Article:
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Religion

Penn State Mourns Pittsburgh Synagogue Shooting

Penn State is home to nearly 5,000 Jewish students and faculty members. Many have connections to Pittsburgh and its Tree of Life synagogue, where 11 people were killed by a gunman on Saturday.

Torey Josowitz grew up in the Squirrel Hill neighborhood of Pittsburgh. She greeted people arriving outside of Penn State’s Old Main building on Monday night, as the “Prayers for Pittsburgh” vigil began. 

Josowitz said she knows those who were shot and the families affected by the shooting.

“It’s just upsetting and terrifying,” she said. “I would never think, in my community, that this would ever happen.”

It’s been reported that the shooting is the deadliest attack on the Jewish community in the United States. For many, it reflects an increase in anti-Semitism.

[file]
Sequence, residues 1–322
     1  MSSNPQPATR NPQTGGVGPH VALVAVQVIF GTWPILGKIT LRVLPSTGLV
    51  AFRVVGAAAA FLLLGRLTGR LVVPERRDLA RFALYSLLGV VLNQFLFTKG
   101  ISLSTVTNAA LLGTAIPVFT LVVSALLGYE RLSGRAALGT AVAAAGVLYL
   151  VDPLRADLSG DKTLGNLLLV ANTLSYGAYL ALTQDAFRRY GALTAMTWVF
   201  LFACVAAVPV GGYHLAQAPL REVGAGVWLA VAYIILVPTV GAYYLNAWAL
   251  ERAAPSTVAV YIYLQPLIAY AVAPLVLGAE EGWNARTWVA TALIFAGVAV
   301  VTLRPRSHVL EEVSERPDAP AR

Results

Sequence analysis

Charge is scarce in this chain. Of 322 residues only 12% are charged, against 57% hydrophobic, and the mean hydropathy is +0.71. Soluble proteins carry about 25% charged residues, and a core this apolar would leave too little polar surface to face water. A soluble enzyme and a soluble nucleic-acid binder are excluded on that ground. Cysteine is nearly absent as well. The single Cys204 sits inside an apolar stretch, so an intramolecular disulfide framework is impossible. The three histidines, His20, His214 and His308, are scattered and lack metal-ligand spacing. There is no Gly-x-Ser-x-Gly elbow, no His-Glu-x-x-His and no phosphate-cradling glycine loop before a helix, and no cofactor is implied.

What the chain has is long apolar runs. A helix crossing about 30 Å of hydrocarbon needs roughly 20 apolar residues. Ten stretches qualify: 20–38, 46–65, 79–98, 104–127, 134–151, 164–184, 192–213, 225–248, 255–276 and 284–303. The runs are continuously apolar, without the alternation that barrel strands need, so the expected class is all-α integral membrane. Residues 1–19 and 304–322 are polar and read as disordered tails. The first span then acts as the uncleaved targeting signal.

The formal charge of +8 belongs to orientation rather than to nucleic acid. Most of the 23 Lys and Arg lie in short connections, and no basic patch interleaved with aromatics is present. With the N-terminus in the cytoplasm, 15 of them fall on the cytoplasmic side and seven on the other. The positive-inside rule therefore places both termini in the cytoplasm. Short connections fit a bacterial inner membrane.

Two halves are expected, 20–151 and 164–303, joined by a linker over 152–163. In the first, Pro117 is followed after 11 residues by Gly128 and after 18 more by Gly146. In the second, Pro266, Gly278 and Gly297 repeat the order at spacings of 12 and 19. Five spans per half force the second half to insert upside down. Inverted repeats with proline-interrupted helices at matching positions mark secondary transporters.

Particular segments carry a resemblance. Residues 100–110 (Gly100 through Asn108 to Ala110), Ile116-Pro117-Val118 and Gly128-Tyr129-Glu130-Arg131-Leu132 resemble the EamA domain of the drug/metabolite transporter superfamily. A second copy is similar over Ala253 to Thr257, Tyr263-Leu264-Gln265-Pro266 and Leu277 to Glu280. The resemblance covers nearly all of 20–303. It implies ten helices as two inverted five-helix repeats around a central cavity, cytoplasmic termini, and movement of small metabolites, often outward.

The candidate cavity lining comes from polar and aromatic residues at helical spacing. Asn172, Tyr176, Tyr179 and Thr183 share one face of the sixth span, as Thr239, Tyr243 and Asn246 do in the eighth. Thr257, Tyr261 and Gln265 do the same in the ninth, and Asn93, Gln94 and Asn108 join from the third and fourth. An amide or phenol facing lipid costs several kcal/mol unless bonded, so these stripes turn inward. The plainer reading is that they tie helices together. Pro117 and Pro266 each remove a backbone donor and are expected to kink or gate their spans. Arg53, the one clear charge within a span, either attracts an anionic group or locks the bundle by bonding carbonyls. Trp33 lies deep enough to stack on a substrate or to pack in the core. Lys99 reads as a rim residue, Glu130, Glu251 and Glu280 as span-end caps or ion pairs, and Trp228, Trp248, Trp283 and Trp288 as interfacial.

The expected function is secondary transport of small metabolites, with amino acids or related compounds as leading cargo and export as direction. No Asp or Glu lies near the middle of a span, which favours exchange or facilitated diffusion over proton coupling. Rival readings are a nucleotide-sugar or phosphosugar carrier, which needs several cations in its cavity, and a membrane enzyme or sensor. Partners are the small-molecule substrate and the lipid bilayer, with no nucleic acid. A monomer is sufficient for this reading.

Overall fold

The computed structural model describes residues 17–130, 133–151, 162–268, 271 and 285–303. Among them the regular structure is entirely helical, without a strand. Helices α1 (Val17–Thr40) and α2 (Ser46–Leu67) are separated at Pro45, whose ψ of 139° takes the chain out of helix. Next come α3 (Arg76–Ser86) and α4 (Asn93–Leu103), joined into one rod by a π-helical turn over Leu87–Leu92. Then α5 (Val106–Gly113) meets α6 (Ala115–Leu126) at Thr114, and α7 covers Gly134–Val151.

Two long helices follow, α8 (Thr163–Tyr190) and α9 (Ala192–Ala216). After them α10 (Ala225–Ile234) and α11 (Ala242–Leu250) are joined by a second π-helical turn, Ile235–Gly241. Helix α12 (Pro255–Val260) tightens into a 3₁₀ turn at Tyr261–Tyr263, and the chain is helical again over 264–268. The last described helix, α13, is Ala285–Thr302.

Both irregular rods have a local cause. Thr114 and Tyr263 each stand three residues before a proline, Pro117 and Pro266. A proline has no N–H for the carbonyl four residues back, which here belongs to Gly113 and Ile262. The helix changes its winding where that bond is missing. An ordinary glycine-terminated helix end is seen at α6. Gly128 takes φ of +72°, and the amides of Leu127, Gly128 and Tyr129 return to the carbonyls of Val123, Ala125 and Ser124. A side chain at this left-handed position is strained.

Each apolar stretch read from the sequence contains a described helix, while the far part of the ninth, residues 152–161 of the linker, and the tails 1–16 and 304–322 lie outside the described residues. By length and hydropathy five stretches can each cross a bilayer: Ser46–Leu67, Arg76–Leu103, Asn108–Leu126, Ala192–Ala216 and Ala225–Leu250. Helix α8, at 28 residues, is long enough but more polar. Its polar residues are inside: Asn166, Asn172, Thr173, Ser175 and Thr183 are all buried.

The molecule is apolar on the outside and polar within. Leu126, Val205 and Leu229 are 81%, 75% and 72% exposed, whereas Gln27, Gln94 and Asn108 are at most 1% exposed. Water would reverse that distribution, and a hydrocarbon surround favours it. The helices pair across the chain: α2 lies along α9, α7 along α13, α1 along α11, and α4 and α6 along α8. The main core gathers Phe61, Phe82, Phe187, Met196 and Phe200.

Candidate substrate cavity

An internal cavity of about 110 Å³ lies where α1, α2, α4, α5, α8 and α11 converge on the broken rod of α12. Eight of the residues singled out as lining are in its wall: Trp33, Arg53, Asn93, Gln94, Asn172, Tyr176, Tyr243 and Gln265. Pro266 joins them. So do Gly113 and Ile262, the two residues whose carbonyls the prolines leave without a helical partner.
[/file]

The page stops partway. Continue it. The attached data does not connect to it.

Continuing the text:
“I think [anti-Semitism] is rising around the country and the world, and in that way, it’s a concern,” said Aaron Kaufman, executive director of Penn State Hillel.

“At Penn State, this is typically an inclusive community, and we don’t see it where it’s headed the way it has in other communities in America,” Kaufman said. “And yet, Pittsburgh is a reminder that no one is immune from it.”

Penn State Hillel and the Chabad of Penn State hosted the vigil, and hundreds attended.

Penn State president Eric Barron spoke at the event, saying that hate “has no place” at the university.

In addition to praying for victims and the wounded, speakers also asked those who attended to pledge an act of kindness in the face of violence.

Josowitz shared that pledge and said her hope is the tragedy wouldn’t be forgotten.

“Stand in front of the synagogue so people can pray," Josowitz said, "host minyans at [your] house, host Shabbat dinners, and even connect with other religious groups in the community so we have a stronger united front.”

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